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The Legal Framework of Divorce ‘a mensa et thoro’ and the Administration of Justice within the Low Countries

The Legal Framework of Divorce ‘a mensa et thoro’ and the Administration of Justice within the Low Countries


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XIV: Fourteenth International Congress of Medieval Canon Law

August 5 – 11, 2012 (Toronto, Canada)

The Legal Framework of Divorce ‘a mensa et thoro’ and the Administration of Justice within the Low Countries

Emmanuël Falzone

In a 1471 a court case, a woman was driven out of her marital home and started divorce proceedings against her husband Pierre. This paper focuses on the turning point of the 15th and 16th centuries, and demonstrates the administration of justice, lay jurisdiction and secular jurisdiction.Divorce cases and division of marital property were decided by four decretals in canon law. Marital property was divided between the spouses and the wife kept her dowry unless she was being divorced due to adultery, where she would lose her dowry. There were some variations between courts from one diocese to the next.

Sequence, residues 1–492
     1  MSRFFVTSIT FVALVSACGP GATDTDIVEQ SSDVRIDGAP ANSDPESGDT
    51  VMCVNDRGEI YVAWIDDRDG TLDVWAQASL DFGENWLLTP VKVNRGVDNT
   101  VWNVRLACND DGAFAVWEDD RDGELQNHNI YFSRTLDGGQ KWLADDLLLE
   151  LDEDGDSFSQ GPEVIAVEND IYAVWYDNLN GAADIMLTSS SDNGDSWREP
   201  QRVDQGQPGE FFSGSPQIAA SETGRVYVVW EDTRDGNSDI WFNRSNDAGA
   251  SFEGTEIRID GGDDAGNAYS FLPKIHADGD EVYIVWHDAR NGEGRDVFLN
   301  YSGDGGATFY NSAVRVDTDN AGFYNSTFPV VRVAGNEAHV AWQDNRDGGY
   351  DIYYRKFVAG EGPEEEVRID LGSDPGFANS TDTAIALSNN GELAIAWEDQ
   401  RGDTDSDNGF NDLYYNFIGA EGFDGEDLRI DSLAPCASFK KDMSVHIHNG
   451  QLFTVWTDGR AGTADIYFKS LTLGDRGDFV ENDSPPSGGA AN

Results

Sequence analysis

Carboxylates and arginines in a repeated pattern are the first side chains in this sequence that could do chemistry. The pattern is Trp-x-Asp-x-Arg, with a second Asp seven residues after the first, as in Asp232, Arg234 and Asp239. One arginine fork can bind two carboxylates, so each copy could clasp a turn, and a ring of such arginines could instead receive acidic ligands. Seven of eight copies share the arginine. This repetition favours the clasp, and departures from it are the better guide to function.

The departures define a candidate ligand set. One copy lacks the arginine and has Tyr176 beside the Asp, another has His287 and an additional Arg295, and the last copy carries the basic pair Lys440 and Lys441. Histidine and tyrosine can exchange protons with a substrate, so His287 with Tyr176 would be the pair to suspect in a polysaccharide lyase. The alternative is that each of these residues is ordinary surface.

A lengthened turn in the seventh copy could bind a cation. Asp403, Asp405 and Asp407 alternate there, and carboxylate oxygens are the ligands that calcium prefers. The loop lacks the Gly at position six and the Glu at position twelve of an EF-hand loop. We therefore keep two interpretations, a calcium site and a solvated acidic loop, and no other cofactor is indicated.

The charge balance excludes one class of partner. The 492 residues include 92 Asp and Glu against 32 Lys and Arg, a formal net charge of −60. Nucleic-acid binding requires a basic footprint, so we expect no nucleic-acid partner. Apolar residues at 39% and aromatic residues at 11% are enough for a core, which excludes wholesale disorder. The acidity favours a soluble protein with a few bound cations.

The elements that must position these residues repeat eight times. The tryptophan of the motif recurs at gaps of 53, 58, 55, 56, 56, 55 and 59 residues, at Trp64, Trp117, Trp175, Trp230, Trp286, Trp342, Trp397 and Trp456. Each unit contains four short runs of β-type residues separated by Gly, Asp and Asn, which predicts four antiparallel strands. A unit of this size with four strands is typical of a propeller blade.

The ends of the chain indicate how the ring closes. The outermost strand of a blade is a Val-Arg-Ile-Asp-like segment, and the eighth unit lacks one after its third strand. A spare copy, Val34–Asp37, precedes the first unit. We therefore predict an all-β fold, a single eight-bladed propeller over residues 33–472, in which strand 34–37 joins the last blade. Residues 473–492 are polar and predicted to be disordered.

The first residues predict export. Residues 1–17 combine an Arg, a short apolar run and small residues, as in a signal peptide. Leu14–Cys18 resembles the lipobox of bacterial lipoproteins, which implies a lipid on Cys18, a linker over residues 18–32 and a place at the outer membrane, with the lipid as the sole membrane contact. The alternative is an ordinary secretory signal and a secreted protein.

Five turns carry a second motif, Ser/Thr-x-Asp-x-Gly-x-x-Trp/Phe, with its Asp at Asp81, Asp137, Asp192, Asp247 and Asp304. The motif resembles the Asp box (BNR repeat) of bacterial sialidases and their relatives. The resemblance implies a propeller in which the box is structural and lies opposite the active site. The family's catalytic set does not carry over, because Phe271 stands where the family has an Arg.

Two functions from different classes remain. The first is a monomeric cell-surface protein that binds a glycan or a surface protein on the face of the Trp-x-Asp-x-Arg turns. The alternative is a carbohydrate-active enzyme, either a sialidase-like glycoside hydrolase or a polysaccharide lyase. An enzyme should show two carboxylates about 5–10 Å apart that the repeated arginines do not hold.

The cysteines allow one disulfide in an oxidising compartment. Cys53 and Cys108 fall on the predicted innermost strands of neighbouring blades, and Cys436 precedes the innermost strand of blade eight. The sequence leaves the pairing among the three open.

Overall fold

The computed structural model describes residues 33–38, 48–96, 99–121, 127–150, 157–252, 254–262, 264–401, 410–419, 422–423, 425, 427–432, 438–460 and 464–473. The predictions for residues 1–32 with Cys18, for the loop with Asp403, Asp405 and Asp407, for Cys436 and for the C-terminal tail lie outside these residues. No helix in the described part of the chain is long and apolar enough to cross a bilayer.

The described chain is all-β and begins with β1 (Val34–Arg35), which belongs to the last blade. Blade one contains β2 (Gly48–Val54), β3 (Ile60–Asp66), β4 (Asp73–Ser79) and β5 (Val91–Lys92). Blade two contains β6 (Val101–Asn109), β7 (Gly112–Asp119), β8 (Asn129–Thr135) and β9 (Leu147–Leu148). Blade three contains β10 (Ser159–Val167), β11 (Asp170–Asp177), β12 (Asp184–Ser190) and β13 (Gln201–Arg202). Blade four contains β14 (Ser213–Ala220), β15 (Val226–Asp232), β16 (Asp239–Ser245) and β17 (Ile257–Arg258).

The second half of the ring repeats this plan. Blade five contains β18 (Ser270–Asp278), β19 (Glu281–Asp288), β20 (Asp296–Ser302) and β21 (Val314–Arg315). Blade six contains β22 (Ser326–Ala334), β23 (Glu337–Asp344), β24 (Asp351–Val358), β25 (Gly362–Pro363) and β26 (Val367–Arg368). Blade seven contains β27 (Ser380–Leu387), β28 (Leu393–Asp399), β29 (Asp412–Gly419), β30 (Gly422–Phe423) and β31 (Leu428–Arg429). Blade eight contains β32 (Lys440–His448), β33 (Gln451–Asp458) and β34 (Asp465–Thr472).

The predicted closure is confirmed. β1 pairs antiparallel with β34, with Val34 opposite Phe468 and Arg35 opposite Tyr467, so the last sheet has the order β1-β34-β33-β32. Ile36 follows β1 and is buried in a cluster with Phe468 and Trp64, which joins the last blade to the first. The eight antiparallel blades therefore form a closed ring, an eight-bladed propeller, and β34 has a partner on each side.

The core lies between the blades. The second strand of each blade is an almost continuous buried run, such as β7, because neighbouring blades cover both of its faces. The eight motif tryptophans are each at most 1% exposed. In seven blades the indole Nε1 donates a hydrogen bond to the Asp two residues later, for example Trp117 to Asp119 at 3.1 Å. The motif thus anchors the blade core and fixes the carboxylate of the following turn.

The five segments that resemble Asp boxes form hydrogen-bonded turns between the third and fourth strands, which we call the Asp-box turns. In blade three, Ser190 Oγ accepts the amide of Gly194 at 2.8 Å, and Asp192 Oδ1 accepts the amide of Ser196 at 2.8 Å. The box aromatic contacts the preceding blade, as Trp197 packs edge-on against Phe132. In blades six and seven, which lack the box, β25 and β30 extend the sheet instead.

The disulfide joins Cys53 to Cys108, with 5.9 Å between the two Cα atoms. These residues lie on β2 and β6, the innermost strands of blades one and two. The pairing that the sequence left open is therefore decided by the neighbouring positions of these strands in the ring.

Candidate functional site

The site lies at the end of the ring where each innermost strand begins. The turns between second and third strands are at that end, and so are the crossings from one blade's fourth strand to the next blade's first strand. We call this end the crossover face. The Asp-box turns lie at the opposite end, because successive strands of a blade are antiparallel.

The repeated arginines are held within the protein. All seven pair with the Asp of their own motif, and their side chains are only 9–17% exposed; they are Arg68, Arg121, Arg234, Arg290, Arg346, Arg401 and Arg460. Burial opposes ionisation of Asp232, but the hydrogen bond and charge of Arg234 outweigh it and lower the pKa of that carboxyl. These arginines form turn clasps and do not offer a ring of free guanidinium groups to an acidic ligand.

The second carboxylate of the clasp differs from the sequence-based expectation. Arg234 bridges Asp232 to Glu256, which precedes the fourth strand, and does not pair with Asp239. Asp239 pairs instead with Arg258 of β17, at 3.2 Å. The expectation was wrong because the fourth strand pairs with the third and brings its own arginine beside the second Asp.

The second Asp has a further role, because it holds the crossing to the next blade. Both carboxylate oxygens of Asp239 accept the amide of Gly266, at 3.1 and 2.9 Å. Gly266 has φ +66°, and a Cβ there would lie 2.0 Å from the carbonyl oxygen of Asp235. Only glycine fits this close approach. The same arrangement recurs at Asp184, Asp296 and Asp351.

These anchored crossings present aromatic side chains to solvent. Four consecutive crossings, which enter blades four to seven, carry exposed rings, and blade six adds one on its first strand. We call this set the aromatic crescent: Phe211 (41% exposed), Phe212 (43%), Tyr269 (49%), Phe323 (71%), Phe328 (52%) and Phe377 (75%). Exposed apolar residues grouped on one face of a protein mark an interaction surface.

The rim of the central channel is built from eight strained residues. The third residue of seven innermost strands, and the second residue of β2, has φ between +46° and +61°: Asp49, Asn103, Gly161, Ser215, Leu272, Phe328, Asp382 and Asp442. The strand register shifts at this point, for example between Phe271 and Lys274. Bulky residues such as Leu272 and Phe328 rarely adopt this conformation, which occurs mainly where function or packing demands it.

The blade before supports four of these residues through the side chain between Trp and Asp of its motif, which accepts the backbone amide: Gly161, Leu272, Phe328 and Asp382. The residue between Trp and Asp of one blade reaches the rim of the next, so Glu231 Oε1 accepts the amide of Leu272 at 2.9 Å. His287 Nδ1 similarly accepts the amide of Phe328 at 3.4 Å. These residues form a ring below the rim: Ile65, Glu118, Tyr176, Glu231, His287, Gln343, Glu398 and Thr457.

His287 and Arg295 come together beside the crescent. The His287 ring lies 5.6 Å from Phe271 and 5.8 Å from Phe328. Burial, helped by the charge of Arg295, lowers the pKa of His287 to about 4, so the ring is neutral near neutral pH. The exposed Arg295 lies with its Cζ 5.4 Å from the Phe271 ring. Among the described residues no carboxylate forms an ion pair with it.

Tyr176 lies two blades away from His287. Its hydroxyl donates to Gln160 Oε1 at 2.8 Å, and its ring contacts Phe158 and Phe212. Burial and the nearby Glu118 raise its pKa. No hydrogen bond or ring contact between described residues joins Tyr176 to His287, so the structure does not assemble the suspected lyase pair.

Property division was often made before and during divorce proceedings. An agreement was recorded before the local bench of the Alderman. In 1456, an official referred to a public document that was recorded by two notaries and was interested in its contents. He certified, rather than confirmed or approved the division of property. The cleric only cared about the content of the division. Most cases were certified rather than approved, approval being more for the wishes of the couple.

When a husband was convicted of adultery, he lost the right of administration of his wife’s dowry and her property. Conversely – the wife lost her dowry if she was guilty of adultery.

Divorces cases before lay jurisdiction: Marital property in Antwerp. They looked if it was due to the husband’s adultery, wife’s adultery, and in such cases, it was ok to go before the office of the Alderman and sue for divorce. If both spouses committed adultery, both spouses kept their own property. In the 15th century, according to records in Antwerp, both couples and the Alderman tend to favour a negotiated agreement. Even when the couple was in disagreement, the Alderman encouraged the couple to go to a mediator.

How were couples were managing their separations? In the Low Countries, divorce was mixed. Property division was the couples first interest rather than formal separation with the main interest being to protect the family property.


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